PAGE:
This section is from the book "Cyclopedia Of Architecture, Carpentry, And Building", by James C. et al. Also available from Amazon: Cyclopedia Of Architecture, Carpentry And Building.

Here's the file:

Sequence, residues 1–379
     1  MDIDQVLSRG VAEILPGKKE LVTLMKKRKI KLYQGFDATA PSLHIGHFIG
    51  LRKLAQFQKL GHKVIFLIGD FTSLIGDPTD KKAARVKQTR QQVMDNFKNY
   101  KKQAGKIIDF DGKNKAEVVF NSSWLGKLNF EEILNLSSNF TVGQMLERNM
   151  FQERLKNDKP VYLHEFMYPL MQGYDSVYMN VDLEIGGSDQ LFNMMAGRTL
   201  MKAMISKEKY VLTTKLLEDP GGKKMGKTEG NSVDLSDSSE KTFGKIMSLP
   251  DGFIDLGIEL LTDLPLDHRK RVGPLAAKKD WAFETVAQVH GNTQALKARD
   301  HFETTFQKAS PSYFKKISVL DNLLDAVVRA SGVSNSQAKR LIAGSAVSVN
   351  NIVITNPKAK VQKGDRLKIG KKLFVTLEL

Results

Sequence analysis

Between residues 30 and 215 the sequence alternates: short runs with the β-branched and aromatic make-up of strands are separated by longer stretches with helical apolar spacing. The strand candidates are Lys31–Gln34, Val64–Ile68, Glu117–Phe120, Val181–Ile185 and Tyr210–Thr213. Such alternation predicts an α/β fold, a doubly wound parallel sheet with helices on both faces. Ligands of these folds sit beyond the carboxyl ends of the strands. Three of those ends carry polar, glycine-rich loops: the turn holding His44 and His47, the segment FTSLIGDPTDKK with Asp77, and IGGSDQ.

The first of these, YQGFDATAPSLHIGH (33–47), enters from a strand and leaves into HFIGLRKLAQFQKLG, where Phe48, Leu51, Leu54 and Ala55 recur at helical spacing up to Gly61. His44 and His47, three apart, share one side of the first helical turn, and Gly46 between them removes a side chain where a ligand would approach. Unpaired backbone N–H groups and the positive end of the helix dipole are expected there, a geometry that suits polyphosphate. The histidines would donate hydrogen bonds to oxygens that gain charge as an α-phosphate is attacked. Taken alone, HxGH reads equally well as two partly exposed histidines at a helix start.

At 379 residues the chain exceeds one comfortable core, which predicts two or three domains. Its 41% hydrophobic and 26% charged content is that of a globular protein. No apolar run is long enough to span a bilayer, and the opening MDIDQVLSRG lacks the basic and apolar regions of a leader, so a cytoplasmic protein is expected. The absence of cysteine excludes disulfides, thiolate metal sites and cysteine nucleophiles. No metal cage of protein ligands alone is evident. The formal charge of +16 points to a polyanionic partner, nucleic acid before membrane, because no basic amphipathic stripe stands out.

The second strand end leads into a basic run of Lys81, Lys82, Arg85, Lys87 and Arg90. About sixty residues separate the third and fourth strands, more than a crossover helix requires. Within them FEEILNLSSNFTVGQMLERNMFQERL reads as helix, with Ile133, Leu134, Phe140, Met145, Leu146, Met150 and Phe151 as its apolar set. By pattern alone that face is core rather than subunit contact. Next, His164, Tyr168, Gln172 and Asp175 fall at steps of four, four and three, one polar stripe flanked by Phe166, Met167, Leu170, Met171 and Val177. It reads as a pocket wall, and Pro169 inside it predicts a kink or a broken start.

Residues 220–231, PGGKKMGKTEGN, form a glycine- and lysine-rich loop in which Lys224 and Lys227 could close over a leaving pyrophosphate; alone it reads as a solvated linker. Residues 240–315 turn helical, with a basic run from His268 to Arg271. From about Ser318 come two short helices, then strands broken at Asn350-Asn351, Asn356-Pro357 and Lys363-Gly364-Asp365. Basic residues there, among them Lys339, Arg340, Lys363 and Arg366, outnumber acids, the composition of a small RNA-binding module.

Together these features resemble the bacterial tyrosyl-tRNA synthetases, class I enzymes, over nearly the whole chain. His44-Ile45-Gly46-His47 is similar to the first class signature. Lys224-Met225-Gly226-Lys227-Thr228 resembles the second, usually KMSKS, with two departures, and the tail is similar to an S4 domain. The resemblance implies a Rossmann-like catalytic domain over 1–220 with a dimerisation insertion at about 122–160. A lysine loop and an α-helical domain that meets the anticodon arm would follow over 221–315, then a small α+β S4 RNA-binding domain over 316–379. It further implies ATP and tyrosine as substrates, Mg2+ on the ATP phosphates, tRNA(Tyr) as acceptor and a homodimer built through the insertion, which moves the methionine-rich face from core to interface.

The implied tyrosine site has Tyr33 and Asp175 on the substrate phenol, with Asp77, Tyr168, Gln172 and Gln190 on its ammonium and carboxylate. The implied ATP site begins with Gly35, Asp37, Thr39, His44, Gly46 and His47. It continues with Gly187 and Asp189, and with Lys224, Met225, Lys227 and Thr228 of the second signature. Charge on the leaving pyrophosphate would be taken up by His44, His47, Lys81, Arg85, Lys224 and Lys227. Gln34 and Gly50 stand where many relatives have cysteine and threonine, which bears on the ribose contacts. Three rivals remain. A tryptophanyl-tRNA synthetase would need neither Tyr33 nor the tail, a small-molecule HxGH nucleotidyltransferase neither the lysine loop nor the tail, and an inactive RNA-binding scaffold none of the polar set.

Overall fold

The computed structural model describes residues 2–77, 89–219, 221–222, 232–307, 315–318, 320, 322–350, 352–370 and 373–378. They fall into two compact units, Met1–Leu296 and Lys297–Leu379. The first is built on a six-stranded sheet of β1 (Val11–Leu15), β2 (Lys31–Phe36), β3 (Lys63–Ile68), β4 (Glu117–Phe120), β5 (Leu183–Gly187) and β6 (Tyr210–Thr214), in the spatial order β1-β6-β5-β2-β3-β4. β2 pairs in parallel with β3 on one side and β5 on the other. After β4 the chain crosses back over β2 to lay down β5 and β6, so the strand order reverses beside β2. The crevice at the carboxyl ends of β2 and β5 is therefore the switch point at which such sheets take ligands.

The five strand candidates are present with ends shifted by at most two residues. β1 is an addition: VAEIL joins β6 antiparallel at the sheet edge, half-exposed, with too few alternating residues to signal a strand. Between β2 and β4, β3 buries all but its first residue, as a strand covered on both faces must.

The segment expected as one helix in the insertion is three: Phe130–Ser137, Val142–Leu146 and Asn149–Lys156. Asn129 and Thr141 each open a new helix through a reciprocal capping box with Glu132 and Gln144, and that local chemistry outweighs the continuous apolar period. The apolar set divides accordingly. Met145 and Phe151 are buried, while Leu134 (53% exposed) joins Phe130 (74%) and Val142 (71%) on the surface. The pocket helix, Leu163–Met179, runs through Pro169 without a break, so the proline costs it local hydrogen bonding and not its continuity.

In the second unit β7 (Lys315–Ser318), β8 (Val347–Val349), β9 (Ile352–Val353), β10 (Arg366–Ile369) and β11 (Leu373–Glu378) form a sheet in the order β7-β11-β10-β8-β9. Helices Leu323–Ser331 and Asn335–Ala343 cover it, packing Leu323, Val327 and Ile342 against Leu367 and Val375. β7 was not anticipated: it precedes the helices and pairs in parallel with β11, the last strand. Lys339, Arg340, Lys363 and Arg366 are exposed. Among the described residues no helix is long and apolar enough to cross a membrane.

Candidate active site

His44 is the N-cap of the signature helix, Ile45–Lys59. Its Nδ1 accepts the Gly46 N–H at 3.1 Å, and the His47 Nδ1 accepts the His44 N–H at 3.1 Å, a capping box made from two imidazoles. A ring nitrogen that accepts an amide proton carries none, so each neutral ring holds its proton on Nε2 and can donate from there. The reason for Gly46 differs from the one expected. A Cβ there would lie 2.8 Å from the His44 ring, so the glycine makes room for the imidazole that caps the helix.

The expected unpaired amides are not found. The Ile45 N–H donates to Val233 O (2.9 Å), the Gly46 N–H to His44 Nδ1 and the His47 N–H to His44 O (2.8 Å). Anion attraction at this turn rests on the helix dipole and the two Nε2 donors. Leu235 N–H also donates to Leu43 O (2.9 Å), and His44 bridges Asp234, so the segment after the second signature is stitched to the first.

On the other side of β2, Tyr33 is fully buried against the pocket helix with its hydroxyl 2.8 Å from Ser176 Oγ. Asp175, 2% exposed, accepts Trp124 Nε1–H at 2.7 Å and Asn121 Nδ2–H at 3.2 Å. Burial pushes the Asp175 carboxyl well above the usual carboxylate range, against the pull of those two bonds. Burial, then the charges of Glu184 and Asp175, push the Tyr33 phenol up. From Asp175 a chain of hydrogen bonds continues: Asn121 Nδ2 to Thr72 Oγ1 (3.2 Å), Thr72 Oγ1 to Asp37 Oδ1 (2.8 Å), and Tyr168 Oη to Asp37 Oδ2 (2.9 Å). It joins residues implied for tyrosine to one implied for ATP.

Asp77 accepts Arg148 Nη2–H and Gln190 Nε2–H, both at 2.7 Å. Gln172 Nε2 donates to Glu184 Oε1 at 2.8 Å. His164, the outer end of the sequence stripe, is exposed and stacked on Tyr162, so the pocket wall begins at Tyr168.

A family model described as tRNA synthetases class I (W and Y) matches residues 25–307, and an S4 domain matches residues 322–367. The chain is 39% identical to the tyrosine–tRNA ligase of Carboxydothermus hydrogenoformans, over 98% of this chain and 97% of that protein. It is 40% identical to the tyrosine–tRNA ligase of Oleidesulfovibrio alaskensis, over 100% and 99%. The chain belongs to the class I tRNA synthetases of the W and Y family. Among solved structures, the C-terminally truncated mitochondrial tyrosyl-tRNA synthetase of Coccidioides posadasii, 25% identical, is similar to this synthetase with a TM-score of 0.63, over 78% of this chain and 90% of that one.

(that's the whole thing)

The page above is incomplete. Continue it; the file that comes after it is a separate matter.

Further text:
When a log of wood has been sawed up into boards, each board is apt to have along the edge a strip of the bark which was originally on the outside of the log, and the edges will not be square with the face of the board, owing to the cylindrical shape of the log. Such boards should be squared up by having the rough edges to which the bark adheres trimmed off. But sometimes the bark alone is stripped off, leaving the boards with the edges not square with the face. Such boards are said to be waney, and very often specifications state that no waney lumber shall be employed on the work. The pieces which are cut off when waney boards are trimmed in order to square them up are called "edging" and are used to make laths.